Indeed, the Supreme Court has all but eliminatedjudicial review of U.S. immigration laws. Out of whole cloth, the Court created the plenary power doctrine, which immunizes from judicial review the substantive immigration decisions—such as who to admit and deport—and was invoked to uphold racially discriminatory exclusions in one of the infamous Chinese exclusion acts of the late 1800s. No doubt encouraged by judicial abstinence, Congress followed these laws with the discriminatory national origins quotas system that limited southern and eastern European immigration to the United States.

The Supreme Court has consistently refused to disturb discriminatory immigration laws. As Justice Frankfurter put it, “whether immigration laws have been crude and cruel, whether they have reflected xenophobia in general or anti-Semitism or anti-Catholicism, the responsibility belongs to Congress.” In United States ex rel. Knauff v. Shaughnessy, the Supreme Court refused to intervene in a case in which the U.S. government relied on secret evidence to deny admission into the United States to the noncitizen spouse of a U.S. citizen: “Whatever the procedure authorized by Congress is, it is due process as far as an alien denied entry is concerned.” In Shaughnessy v. United States ex rel. Mezei, the Court reiterated this holding in an even more extreme case—and rejected a constitutional challenge to the indefinite detention of a long-term lawful permanent resident denied re-entry into the United States based on secret evidence.

Despite the fact that scholars have consistently—and vociferously— criticized the plenary power doctrine, and despite the revolution in constitutional law over the last century, the hands-off approach to the review of the U.S. immigration laws remains the law of the land. In the 2003 decision of Demore v. Kim, for example, the Supreme Court upheld the mandatory detention of certain noncitizens pending their deportation and reiterated that the “this Court has firmly and repeatedly endorsed the proposition that Congress may make rules as to aliens that would be unacceptable if applied to citizens.”

Fortunately, Congress for the most part has eliminated the patently discriminatory exclusions that existed in previous incarnations of the immigration laws. In addition, the Supreme Court at various times has ensured procedural and limited substantive protections for immigrants. Nevertheless, many provisions of the U.S. immigration laws include nationality, class, disability, gender, and other classifications that treat certain groups of noncitizens at our border in ways that citizens of the United States could never be treated. The plenary power doctrine immunizes such classifications and disparate impacts from judicial review. Consequently, noncitizens have little input and equal protection of the laws is little more than a constitutional mirage on the horizon for immigrants.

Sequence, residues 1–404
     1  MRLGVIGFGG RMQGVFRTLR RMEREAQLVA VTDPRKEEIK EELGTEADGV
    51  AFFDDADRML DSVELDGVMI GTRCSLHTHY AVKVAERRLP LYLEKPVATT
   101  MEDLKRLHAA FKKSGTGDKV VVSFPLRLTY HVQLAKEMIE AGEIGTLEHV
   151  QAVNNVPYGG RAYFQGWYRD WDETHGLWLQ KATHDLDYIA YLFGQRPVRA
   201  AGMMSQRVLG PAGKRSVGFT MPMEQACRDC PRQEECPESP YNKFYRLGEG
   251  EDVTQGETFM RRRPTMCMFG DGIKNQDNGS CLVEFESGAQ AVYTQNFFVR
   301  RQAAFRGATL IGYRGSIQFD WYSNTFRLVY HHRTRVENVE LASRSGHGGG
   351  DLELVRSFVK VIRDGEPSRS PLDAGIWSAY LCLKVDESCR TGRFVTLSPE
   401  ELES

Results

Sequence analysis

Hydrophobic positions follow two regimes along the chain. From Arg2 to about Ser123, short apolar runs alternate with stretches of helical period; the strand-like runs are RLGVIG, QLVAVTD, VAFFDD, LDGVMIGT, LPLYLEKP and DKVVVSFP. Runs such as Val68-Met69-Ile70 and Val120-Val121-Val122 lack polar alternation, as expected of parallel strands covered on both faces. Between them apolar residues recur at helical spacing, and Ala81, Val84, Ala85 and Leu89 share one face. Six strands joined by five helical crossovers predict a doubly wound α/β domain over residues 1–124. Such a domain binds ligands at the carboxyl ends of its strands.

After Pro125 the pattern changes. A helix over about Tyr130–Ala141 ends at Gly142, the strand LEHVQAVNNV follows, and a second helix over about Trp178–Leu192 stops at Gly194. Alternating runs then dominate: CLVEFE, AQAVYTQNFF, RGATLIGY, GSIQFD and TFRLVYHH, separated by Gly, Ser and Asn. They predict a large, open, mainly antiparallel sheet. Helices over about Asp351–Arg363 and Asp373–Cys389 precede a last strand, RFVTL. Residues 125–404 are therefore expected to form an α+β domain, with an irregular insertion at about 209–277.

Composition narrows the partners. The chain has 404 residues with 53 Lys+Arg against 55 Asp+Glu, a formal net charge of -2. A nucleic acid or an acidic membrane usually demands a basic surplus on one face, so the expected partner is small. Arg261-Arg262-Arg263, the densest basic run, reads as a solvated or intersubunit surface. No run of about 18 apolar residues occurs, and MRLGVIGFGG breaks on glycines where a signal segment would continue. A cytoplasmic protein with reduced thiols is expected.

Immigration law reveals the breadth of the gap between corporate law and modern constitutional law with respect to a most vulnerable minority. By requiring us to look at the discontinuities between U.S. constitutional law and corporate law, Professor Chander forces us to confront our true dedication to fair play and substantial justice to a most politically disadvantaged minority group. History has repeatedly demonstrated—as seen in the nativist, sometimes anti-Mexican, sentiment in the immigration debate today—that immigrants often are the most unpopular of the unpopular, with limited political power (even less than minority shareholders) to protect themselves from the tyranny of the majority. Nonetheless, constitutional law offers them precious few substantive protections.


This commentary touches on the tip of the iceberg in highlighting what modern constitutional law could learn from corporate law. Ultimately, Minorities, Shareholders and Otherwise makes clear that corporate law proves that, if there is a minority that the law wants to protect, there is a way to protect that minority. In its constitutional law jurisprudence, the Supreme Court should recognize and act on that fundamental truth.

Kevin R. Johnson is Dean of the University of California at Davis, School of Law and Mabie-Apallas Professor of Public Interest Law and Chicana/o Studies. He has an A.B from the University of California, Berkeley and a J.D. from Harvard University.

Preferred Citation: Kevin R. Johnson, Minorities, Immigrant and Otherwise, 118 Yale L.J. Pocket Part 77 (2008),